Here at Apply with Sanity, I use “college” and “university” interchangeably. I do this intentionally, because most of us use them this way. If someone were to ask “where do you think you want to go to college?” you probably wouldn’t answer “I’m not going to college...I’m going to a university.” Some people will tell you that a university is a larger organization made up of any number of smaller colleges—and they wouldn’t be wrong. Some universities are indeed set up this way. And some universities aren’t. The difference just isn’t a big deal.
However, there are a number of categories of college/university that are more specific, even if they’re not well defined. In my own practice I tend to talk about three main types of colleges: “liberal arts colleges” (I say “liberal arts schools” just as often), “big state schools,” and “national private universities.” There are no clear lines between the three, there’s plenty of overlap, and I’m leaving out some (like trade schools, art schools, and other specialized schools). But those three get me through most of my conversations just fine.
If you want something more thorough and more authoritative, here is the College Board’s presentation on types of colleges. If you want to get even more technical, here is the Carnegie Classification System that academics use.
One of the most commonly used terms is liberal arts college. What does that mean?
First, let’s go over a few things that liberal arts college definitely doesn’t mean. The “liberal” in liberal arts doesn’t have to do with politics. It doesn’t mean they’re necessarily socialist or Democrats, and it doesn’t mean they’re going to indoctrinate you as a liberal. There are liberal arts schools that pride themselves on being conservative. You can go to a liberal arts school and still watch Fox News or vote Republican. No problem.
Going to a liberal arts school doesn’t mean that there are no opportunities to study math or science. While liberal arts schools are known for their emphasis on the Humanities, most of them also include math, natural sciences, and social sciences with the Humanities. You can go to a liberal arts college and still get a Bachelor of Science degree. You can still go on to medical school. You can still be an engineer.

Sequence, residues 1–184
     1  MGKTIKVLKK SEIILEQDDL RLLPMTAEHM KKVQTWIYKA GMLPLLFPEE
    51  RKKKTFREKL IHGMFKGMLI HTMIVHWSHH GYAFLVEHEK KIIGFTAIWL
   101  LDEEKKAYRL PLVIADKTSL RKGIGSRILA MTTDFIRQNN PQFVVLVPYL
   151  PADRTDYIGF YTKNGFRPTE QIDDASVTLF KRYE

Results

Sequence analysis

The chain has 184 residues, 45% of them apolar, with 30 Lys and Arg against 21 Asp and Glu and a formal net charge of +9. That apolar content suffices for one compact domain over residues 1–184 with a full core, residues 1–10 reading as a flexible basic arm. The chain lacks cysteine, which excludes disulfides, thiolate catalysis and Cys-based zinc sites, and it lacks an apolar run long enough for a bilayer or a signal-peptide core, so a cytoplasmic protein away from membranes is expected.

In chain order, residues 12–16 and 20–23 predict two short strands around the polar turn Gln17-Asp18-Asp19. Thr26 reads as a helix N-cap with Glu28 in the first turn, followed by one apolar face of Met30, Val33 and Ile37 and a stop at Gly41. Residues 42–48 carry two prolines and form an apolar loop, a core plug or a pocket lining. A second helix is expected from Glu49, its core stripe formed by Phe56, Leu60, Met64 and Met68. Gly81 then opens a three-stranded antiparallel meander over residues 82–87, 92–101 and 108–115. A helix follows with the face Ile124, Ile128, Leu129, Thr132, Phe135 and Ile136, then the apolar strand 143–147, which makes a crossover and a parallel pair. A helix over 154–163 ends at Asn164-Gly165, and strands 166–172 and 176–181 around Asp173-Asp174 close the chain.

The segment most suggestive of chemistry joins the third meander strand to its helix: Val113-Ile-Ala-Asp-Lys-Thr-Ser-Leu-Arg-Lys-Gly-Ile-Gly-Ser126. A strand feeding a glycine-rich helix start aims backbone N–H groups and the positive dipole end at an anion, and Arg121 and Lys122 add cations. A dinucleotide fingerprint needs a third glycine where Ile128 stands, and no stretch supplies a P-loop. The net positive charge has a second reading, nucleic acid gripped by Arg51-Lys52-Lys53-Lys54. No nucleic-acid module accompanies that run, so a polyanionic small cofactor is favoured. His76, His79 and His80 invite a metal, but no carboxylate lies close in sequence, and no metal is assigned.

Going to a liberal arts college does not mean you’re wasting your time at a frivolous institution and you’ll never get a real job. These are real schools; some of the most prestigious colleges in the nation are liberal arts schools.
Ok, then. So what does “liberal arts college” mean? There are a few broad characteristics that most liberal arts college share:
Liberal arts colleges have a strong focus on undergraduate students and the undergraduate experience. Most have only a small graduate school program, if they have graduate programs at all. At liberal arts colleges, you’re much more likely to have smaller classes taught by professors and less likely to have classes taught by grad students or teaching assistants. Professors or more likely to see teaching undergrad students as their primary job, not running their research. Liberal arts professors still research and stay on top of their subjects, but being a part of their undergraduate students’ education is their main job.
Liberal arts colleges value interdisciplinary study. Most have some sort of core curriculum or requirements that you take classes in different departments. Math majors have to take history classes, and history majors have to take math classes. Getting a broad education in a variety of disciplines is part of their goal. You can—and will—spend a lot of time and energy in your department, but you’ll also be familiar with other departments. A liberal arts school is not a good place to just focus on “your thing” and not have to leave the comfort of your chosen field.
Liberal arts colleges strongly emphasize self-improvement and education for education’s sake. This is where the liberal part of liberal arts comes from. Liberal as in liberating and life-changing. While people going to liberal arts colleges are certainly as interested in work, career, and income as anyone else, liberal arts colleges will push students to think about their education in terms more grand than just career development. There will be talk about Mind, Soul, Spirit, and those kinds of things.
Who should consider liberal arts colleges? Students who consider social, intellectual, and spiritual development as an important part of their college experience. Students who are very undecided in their major and want access to several options. Students who are drawn to interdisciplinary studies and the connections between different fields of study. Students who want an easier time finding mentors and relationships with faculty. Students who want a smaller school environment.
Who should probably not consider liberal arts colleges? Students who want to cheer for their school teams along with thousands, or tens of thousands, of other fans. Students who want access to graduate students and early interactions with graduate programs. Students who consider college mostly job training and don’t want to be hindered by the core curricula requirements. Students who want to go to a university with national name recognition.